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LRC Works Behind the Scenes of the College's First MOOC Offering


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The College of Pharmacy offered its first massive open online course (MOOC) in September 2013. The work to prepare the course, however, started long before then.  Dr. Janet Walkow, clinical associate professor of pharmaceutics and executive director of the college's Drug Dynamics Institute, spearheaded the project to build a course which she titled "Take Your Medicine - The Impact of Drug Development. 

A great deal of preliminary work went into the development of the course.  For example, requests for grants to pay for the course were written, course content was designed and organized into modules, faculty were recruited to teach the modules, and many technical decisions were made about how the content would be recorded, and how the modules would be released to the public.

The technical requirements of the project brought in the Learning Resource Center (LRC) team, under the directorship of Kamran Ziai.  Members of the team worked behind the scenes to enable most of the technological and even some of the artistic elements that were essential to making this course a reality. 

John Reineke, the team's video instructional technology professional, was the primary support person for the project.  He applied his knowledge of video recording and editing and plenty of research to put together a small recording studio--complete with lighting, digital camera, editing system and green-screen background to record digital video of instructors teaching.   

Reineke worked with Walkow and her team to develop a vigorous recording and detailed editing schedule.  Each day of recording involved not only capturing video, but also careful implementation of a system Reineke developed for organizing the content into "dailies" --the camera recordings from that day by presenter.  Low resolutions versions of the video were moved into UT Box so that Walkow and Dr Donna Kidwell, a former UT faculty member who served as MOOC designer and content specialist, could review the content and identify what to keep, what learning modules the content belonged in, what slides or other graphics were needed, and in what order information should be presented. 

Rough-cuts of video were created from instructions which were documented in the system Reineke developed.  These were processed again into a cleaner cut, where slides and graphics were added that supported the content.  Kidwell edited the slides submitted by instructors to assure consistency in style and to provide visual representations that would clarify complex concepts.  Kidwell  turned to the LRC team for help in creating additional slides and graphics as needed.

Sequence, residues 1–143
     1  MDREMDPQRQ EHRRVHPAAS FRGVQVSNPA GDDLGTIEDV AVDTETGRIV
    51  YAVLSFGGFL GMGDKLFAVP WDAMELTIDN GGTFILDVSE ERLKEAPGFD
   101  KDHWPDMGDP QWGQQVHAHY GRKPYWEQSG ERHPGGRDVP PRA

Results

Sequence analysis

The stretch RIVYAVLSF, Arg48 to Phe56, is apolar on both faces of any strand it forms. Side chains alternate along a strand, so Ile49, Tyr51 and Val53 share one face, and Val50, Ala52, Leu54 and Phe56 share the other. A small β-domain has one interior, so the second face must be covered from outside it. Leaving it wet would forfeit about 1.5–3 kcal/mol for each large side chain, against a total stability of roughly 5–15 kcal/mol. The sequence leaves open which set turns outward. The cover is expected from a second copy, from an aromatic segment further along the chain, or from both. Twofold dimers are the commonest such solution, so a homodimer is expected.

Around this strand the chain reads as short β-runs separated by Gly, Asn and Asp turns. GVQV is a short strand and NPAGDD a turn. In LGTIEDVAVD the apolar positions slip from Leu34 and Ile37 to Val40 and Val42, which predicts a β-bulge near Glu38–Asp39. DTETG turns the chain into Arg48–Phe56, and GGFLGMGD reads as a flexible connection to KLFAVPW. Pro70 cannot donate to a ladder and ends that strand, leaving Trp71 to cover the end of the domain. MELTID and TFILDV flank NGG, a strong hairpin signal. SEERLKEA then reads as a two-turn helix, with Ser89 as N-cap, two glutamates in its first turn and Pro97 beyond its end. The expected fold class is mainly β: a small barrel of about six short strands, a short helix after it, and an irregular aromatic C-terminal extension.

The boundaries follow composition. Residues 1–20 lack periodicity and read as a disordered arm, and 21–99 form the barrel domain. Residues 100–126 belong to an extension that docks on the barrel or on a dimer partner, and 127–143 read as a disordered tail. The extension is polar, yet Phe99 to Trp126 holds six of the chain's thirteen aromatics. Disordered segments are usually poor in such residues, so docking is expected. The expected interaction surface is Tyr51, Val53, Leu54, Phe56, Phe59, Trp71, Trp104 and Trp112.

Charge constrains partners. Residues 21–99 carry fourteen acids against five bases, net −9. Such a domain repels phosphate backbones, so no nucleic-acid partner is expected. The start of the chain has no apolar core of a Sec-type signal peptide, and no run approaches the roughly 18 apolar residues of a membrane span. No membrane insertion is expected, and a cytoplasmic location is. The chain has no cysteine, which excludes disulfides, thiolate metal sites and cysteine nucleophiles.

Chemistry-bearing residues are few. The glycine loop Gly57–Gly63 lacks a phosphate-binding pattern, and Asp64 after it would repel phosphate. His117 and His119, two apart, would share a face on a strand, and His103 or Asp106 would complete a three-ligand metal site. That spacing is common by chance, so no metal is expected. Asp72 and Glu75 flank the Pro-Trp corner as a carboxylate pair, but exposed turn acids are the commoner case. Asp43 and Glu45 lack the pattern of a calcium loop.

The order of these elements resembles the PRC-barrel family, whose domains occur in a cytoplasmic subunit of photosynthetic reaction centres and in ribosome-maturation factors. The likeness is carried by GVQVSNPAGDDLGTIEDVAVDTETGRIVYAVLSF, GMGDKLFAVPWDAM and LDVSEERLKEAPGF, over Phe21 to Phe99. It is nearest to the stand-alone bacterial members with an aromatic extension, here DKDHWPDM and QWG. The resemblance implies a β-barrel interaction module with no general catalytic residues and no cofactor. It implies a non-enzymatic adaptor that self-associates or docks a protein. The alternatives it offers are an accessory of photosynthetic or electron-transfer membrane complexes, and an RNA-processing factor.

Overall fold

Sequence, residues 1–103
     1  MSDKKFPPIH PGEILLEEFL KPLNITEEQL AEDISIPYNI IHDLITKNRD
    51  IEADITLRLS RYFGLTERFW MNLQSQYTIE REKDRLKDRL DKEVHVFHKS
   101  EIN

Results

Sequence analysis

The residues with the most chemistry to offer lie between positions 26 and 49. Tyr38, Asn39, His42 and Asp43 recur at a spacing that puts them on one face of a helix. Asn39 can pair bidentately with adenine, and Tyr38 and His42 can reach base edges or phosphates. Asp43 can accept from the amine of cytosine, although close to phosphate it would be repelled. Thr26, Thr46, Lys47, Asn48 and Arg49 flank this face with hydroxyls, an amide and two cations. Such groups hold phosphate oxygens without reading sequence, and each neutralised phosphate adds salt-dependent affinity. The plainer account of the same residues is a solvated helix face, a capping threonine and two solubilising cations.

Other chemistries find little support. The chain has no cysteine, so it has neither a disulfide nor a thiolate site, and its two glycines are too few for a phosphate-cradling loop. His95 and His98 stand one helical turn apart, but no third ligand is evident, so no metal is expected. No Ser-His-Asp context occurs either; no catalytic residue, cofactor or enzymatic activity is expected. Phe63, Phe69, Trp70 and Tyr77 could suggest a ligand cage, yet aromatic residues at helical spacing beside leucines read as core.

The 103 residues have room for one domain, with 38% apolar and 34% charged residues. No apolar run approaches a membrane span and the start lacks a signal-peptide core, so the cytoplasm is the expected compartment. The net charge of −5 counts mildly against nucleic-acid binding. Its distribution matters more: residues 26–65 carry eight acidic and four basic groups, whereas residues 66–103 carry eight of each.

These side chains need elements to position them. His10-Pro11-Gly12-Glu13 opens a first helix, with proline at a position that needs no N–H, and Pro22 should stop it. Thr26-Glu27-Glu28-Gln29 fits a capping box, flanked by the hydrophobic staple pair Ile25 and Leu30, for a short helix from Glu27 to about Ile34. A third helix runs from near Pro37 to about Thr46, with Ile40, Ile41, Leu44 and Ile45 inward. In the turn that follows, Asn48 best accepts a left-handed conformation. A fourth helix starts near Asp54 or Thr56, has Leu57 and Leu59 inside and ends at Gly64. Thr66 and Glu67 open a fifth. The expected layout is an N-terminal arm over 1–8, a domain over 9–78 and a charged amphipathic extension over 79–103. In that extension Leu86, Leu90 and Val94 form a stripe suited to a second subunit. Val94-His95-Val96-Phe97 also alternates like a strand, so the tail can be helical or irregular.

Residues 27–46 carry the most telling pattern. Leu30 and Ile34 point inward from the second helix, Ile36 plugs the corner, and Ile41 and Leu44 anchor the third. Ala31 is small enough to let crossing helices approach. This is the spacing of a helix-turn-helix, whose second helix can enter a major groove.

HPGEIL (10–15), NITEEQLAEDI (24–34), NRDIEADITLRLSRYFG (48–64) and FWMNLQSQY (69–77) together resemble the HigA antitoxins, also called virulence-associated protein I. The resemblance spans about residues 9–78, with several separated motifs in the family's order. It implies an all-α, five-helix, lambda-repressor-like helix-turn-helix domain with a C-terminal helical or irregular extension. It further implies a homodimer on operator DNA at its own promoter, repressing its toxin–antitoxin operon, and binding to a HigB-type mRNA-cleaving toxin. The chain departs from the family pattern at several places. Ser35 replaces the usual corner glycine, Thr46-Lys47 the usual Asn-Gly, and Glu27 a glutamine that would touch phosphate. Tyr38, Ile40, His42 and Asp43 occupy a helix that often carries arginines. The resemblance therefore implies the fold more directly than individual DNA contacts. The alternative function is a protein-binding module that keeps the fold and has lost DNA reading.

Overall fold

Belinda Lehmkuhle, of the LRC's Instructional Technology Development Lab, provided graphics support.  Her work involved interpreting Kidwell's verbal description of particular concepts into digital images and, in some cases, polishing existing images for inclusion in the slide set.

Two teaching assistants assisted with many of the logistics of putting the course together. Scott Akers, a master’s student at McComb’s School of Business, managed the video placement into the actual MOOC after Reineke uploaded the final video to YouTube.  Akers also managed all of the closed captioning transcription process created using a third party service.

Siyuan Huang, a graduate research assistant at the College of Pharmacy, used his knowledge of pharmaceuticals to provide insight into what graphics would support the subject matter and confirm terminology. Both Akers and Huang served as support for discussion boards and forums in the course.

Once graphics and slides were added, the editing and approval cycle began again.  Careful cataloging of files and precise record keeping helped keep the production process on schedule.

The LRC's participation in this project was in some ways beyond its usual scope.  However, the project was taken on in response to a need to support a growing faculty interest to transforming courses through leveraging technology and new trends in teaching pedagogy.

Grant funding received for the project made it possible to purchase equipment needed for this and other projects including a digital video camera, an editing computer, lighting equipment, and backgrounds. 

The digital camera purchased for the project has already been used for recording conference presentations offered by the Office of Continuing Pharmacy Education. 

Participation in the mooc permitted LRC staff to hone skills that will be valuable for future course transformations.    The knowledge and experienced gained by the LRC staff as they worked out all the technical issues has set the groundwork for utilizing this specializled expertise in future projects within the college.

Read more about the Take Your Medicine MOOC here.
 


Last Reviewed: November 13, 2013

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